Draw the unit square and the unit circle. Consider only the part of the circle inside the square and pick uniformly a large number of points at random over the square. Now, the unit circle has pi/4 the area of the square. So, it should be apparent that of the total number of points that hit within the square, the number of points that hit the circle quadrant is proportional to the area of that part. This gives a way to approximate pi/4 as the ratio between the number of points inside circle and the total number of points and multiplying it by 4 we have pi.

Let's see the python script that implements the method discussed above using the numpy's indexing facilities:

from pylab import plot,show,axis from numpy import random,sqrt,pi # scattering n points over the unit square n = 1000000 p = random.rand(n,2) # counting the points inside the unit circle idx = sqrt(p[:,0]**2+p[:,1]**2) < 1 plot(p[idx,0],p[idx,1],'b.') # point inside plot(p[idx==False,0],p[idx==False,1],'r.') # point outside axis([-0.1,1.1,-0.1,1.1]) show() # estimation of pi print '%0.16f' % (sum(idx).astype('double')/n*4),'result' print '%0.16f' % pi,'real pi'The program will print the pi approximation on the standard out:

3.1457199999999998 result 3.1415926535897931 real piand will show a graph with the generated points:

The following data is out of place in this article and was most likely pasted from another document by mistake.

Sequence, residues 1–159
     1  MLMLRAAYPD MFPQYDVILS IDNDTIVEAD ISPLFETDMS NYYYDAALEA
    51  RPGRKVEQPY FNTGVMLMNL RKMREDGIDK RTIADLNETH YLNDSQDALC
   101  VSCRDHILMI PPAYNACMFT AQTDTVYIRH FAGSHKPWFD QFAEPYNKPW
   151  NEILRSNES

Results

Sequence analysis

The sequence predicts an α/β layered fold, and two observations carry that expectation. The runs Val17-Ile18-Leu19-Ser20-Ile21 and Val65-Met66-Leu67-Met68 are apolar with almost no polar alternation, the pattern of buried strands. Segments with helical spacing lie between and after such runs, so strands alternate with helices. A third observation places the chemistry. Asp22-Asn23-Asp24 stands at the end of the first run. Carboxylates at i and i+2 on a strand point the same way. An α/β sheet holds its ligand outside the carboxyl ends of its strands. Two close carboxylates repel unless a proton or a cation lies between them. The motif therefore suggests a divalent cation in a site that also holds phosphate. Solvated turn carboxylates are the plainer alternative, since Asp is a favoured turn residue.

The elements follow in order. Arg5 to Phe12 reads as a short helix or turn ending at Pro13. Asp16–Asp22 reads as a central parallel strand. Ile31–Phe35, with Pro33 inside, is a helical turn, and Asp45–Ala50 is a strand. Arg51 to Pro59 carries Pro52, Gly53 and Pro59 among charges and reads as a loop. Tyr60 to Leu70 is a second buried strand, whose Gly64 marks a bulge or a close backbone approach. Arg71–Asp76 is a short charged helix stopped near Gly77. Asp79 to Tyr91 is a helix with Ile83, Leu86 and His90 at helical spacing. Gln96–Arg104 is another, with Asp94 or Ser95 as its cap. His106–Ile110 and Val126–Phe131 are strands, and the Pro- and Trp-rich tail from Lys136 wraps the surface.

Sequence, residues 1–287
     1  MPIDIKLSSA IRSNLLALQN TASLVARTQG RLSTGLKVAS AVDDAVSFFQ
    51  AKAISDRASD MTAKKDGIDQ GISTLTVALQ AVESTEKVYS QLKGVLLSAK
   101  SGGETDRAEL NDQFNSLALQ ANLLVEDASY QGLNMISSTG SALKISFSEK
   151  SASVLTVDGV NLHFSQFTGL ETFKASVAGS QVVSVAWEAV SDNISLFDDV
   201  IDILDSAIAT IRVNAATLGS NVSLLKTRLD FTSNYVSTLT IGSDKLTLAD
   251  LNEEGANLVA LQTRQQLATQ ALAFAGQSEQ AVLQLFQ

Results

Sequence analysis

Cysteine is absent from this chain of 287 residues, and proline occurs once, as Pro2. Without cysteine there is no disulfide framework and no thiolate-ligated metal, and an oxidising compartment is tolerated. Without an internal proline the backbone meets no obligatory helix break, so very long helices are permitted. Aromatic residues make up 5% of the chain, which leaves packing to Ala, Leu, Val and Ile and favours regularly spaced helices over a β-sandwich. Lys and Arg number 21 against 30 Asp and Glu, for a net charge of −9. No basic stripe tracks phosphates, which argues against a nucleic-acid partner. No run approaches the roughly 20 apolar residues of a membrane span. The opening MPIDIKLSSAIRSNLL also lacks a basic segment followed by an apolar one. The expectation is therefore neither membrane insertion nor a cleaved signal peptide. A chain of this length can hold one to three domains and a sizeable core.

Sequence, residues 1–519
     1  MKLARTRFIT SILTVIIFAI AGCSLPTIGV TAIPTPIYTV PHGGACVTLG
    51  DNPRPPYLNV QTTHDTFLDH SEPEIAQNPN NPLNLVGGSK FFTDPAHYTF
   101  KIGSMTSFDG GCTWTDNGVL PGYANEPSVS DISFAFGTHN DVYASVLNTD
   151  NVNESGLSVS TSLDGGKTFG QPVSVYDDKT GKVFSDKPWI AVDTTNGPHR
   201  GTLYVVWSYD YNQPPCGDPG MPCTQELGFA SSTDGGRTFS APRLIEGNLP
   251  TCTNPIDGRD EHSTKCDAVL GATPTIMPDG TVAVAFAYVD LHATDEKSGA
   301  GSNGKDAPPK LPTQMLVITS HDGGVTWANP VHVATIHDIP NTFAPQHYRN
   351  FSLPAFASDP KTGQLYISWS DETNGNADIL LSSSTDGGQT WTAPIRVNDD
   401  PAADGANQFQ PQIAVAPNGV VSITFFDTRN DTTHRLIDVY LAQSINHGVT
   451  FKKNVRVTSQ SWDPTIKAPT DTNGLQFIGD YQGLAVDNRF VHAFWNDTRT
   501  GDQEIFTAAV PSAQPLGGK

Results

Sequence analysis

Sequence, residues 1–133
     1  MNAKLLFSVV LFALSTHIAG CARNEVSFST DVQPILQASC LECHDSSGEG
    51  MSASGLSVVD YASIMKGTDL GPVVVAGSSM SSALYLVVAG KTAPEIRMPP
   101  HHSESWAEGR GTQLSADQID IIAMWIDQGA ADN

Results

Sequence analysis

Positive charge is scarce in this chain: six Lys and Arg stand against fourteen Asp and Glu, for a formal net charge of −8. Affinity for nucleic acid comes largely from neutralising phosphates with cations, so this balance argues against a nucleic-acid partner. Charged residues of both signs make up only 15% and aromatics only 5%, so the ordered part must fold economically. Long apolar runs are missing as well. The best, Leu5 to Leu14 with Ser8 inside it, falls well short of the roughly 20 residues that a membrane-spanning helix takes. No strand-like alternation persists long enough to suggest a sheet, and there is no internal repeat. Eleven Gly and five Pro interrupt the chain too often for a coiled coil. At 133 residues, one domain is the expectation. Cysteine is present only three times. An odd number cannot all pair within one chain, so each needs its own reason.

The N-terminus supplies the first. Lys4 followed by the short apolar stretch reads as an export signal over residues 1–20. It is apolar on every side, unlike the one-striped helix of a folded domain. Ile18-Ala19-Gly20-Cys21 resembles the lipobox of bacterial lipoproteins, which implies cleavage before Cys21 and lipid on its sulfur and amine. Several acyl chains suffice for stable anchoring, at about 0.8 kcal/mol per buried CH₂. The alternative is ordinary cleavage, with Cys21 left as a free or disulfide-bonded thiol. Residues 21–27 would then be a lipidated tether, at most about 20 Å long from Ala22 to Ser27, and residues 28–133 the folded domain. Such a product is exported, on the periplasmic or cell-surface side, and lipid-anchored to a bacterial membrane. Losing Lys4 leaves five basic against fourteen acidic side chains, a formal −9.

Note that the lines of code used to estimate pi are just 3!

Or you could use the math library in Python and display the value of math.pi

ReplyDeleteIts a tad bit easier.

Hey, you hate experiments! don't you? :)

ReplyDeleteI have not done the calculation of error, but there's a likelyhood that you introduce noise using sqrt in idx = sqrt(p[:,0]**2+p[:,1]**2) < 1. And you don't need to. You can compare the square of the distance against 1 and you're still good.

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ReplyDeleteI really like it : ) I didn't write much code till now and I tried this pi-approximation - now that I saw this nice and short way, I am very jealous : P

ReplyDeletefacinating, I am really impressed.

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